I recently made my first visit to the field as Medair’s new CEO, travelling to Amman, Jordan, on the first stop of my week-long visit to two countries in our Middle East Regional Programme.
Medair started working in Jordan in 2012. Six years later, we’re providing psychosocial support, unconditional cash transfers, and financial support for health care to Syrian refugee families and vulnerable Jordanians.
We’ve built our support in Jordan around the needs of the people we serve. In addition to the stresses of flight and life as a refugee, the cost of living is relatively high in Jordan. For families who are unable to work, covering costs like rent, health care bills, and debt payments can seem insurmountable. Medair’s cash programming ensures that vulnerable people are able to cover their most urgent needs.
My colleague Haneen and I met with a Syrian family whom Medair had supported. This family of 13 lived in a tent on the outskirts of Amman, and they welcomed us into their tent as though we were part of their family.
Back in Syria, Mohammed and Saadya had a farm and raised cows. Their life was comfortable and quiet, but when the Syria crisis reached their home, the whole family fled on foot with nothing more than the clothes they were wearing. Little Sara, now sitting comfortably beside me, was just four months old at the time. Her mother carried her all the way to Jordan. The youngest amongst them, Sara, was just four months old at the time. Her mother carried her all the way to Jordan.
Their life in this tent in Jordan is a stark contrast to what they had before. In addition to electric and water bills, Mohammed and Saadya must pay rent for the land on which their one tent stands. Nobody in the family has a work permit, and the family are deeply in debt.
When Mohammed and Saadya’s daughter Lena gave birth to her son Wael, now two months old, the family rushed her to a hospital in Amman. Wael was born with a respiratory illness, and spent 14 days in intensive care receiving life-saving medical support. The bill for the treatment came to JOD 4,000 (USD 5,600), and the hospital wouldn’t issue a birth certificate for Wael until the bill had been paid.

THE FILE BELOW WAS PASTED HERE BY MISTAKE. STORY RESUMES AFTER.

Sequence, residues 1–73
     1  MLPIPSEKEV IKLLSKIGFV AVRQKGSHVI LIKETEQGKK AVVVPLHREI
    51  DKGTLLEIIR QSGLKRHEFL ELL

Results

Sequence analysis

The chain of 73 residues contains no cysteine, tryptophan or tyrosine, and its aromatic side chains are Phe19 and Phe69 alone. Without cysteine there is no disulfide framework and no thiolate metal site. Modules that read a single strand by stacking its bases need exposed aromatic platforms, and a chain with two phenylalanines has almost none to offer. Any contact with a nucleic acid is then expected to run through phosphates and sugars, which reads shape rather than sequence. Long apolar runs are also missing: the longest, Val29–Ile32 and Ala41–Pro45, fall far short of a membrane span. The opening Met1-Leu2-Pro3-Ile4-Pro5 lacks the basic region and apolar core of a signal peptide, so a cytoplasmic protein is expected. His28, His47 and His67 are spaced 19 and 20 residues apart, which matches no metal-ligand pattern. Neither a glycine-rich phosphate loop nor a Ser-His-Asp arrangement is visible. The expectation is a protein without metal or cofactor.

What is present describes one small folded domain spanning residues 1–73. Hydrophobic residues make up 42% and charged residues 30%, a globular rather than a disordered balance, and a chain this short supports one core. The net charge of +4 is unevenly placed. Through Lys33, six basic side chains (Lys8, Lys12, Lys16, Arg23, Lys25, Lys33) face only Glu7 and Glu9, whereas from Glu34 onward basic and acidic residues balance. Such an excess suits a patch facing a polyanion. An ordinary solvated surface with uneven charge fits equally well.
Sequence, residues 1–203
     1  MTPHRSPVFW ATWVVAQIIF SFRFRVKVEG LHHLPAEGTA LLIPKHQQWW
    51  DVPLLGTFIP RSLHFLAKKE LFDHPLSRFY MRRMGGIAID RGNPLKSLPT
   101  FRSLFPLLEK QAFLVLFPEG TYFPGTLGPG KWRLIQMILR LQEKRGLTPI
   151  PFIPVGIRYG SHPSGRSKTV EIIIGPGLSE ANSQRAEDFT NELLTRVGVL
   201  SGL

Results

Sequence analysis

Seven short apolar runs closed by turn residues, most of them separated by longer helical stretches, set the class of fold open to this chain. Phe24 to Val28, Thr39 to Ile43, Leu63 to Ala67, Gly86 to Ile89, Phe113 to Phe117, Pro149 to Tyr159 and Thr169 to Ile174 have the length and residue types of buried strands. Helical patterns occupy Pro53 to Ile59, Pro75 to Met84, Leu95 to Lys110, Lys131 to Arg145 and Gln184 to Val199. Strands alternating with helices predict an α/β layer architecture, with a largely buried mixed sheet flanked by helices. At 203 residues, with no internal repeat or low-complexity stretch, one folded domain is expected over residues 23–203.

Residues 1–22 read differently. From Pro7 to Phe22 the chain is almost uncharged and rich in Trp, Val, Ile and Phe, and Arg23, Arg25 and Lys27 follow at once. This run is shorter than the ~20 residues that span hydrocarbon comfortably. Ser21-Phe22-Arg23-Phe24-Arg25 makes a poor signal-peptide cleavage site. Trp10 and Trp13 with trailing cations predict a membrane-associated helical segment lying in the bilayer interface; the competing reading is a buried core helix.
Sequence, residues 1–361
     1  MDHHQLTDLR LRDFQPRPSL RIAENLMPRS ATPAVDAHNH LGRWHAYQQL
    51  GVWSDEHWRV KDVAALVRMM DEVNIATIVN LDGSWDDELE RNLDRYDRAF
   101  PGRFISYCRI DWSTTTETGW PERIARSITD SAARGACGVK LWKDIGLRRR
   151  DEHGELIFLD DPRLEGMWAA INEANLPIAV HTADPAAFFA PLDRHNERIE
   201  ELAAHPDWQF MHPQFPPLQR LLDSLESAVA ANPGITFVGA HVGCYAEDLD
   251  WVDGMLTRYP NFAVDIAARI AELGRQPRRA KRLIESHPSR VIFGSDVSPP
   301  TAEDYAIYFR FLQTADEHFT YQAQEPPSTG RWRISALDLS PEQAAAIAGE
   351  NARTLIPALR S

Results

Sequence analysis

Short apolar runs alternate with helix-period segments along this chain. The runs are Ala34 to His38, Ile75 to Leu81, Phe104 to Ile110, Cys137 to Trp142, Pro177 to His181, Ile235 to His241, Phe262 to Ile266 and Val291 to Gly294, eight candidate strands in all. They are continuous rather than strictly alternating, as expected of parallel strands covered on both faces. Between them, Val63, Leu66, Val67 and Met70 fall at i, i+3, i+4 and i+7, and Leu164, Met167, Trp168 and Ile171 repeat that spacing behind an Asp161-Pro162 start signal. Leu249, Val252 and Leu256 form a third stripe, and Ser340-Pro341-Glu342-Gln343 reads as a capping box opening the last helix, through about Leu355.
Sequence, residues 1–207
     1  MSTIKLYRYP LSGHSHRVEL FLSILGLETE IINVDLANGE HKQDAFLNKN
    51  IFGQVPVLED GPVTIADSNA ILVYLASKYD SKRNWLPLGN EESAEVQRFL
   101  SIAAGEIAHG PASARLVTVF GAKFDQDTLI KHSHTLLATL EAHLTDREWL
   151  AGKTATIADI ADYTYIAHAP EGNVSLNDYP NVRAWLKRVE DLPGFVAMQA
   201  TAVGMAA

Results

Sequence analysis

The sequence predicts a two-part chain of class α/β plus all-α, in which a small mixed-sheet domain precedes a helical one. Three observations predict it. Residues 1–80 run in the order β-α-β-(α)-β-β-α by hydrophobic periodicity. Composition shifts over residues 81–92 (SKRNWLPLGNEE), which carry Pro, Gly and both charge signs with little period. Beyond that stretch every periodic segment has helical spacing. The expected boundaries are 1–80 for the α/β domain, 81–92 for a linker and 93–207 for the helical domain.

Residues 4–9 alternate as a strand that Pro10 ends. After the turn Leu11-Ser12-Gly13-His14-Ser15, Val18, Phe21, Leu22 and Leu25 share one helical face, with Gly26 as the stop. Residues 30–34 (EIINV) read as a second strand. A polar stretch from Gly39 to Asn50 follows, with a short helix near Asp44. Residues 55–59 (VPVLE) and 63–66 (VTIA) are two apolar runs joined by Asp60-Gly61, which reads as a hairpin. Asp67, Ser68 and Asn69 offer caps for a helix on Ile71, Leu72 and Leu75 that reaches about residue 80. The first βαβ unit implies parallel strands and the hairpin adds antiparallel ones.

Our health team found out about Lena and her baby and covered the cost of the prohibitively expensive hospital bill. Wael is now safe at home with Lena and his very loving extended family. He has a birth certificate, ensuring that his rights as a person will be universally acknowledged.
As the family chats to me and my colleagues, I am struck by how much their lives have changed. Three years ago, this family lost everything in just the span of a few hours: their home, their livelihoods, the community they knew. Sitting in their tent, I am struck by their warmth and the stories they tell. They have lost everything, but they have not lost each other.
We serve families like Mohammed and Saadya’s every day, focusing our humanitarian work on building personal connections with the people and the communities we support.
Medair staff use tablet-based surveys to assess the needs of families and to track the support we provide. We use dashboards for improved monitoring. We partner and coordinate with other INGOs, local partners, and the UN, ensuring that together our activities reach the greatest number of people in need, without duplication. This approach ensures the work is high quality, innovative, and cost-efficient. Last year, we reached over 41,000 Syrians and Jordanians living in Jordan. Our work is not only emergency relief, but also recovery, to help Jordanians, Syrians, and other refugees to build a better future for their families.
The quality of our work shows not only for the people we serve, but also for the people who support our work. While in Jordan I had the honour of signing a funding agreement between Medair and the Swiss Agency for Development and Cooperation (SDC), a long-time partner of Medair in Jordan and many of our country programmes. SDC has just provided our programme in Jordan with another cash project, which will allow us to keep supporting vulnerable families in Jordan.
We invest in our humanitarian workforce to ensure the highest quality programming. Our Jordan team just hosted Medair national and international staff from seven country programmes for back-to-back trainings in project management and proposal development. My Jordanian colleague Haneen, who came with me to visit the families we serve, has been promoted twice – from project officer, to senior project officer, to health manager – since coming to Medair two years ago. Quality staff like Haneen are so important to the success of our projects as they are the primary contact with the people we serve.
Above all, our aim is to inspire hope in the people we serve, both now and in the future. Medair works in some of the most remote and devastated places in the world, where it seems that hope can be hard to find. The trip to Jordan reminded me that hope can be found anywhere if only you look hard enough: in the signing of a new grant, in the determination of my hard-working colleagues, and in the smile of a refugee child who has so little, but who is surrounded by people who love her.